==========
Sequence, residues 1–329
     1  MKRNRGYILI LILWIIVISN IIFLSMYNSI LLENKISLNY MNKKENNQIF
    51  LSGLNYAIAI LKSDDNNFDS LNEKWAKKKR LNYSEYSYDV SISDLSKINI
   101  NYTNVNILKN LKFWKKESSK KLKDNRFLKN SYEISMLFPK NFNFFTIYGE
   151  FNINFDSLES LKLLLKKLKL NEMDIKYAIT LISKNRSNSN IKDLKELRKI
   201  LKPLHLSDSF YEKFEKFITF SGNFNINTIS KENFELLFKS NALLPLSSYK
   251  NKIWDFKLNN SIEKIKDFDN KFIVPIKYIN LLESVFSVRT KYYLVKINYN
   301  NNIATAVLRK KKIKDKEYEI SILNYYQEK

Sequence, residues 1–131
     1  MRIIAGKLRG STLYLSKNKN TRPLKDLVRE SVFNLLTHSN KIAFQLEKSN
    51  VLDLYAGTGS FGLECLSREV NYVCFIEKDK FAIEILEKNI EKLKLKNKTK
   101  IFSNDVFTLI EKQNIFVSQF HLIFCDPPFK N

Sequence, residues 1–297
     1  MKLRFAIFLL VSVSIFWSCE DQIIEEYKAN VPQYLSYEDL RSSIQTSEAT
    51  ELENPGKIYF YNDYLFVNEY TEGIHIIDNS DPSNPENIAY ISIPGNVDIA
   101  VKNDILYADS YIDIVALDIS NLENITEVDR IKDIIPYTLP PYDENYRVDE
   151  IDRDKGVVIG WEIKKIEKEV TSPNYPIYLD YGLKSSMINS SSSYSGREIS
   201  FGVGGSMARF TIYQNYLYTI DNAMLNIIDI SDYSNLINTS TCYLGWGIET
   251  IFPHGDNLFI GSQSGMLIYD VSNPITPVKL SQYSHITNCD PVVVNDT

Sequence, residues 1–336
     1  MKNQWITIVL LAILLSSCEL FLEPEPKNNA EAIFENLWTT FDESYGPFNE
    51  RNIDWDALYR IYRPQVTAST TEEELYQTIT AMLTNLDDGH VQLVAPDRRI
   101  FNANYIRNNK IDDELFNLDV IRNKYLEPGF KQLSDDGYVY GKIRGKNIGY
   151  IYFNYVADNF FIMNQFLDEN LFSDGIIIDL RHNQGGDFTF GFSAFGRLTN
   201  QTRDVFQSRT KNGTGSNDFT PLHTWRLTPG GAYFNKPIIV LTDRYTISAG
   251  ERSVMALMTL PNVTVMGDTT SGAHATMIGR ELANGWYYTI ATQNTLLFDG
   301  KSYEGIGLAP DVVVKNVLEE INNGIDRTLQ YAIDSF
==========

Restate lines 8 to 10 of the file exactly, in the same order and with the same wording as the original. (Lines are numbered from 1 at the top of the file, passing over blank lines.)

   301  NNIATAVLRK KKIKDKEYEI SILNYYQEK

Sequence, residues 1–131
     1  MRIIAGKLRG STLYLSKNKN TRPLKDLVRE SVFNLLTHSN KIAFQLEKSN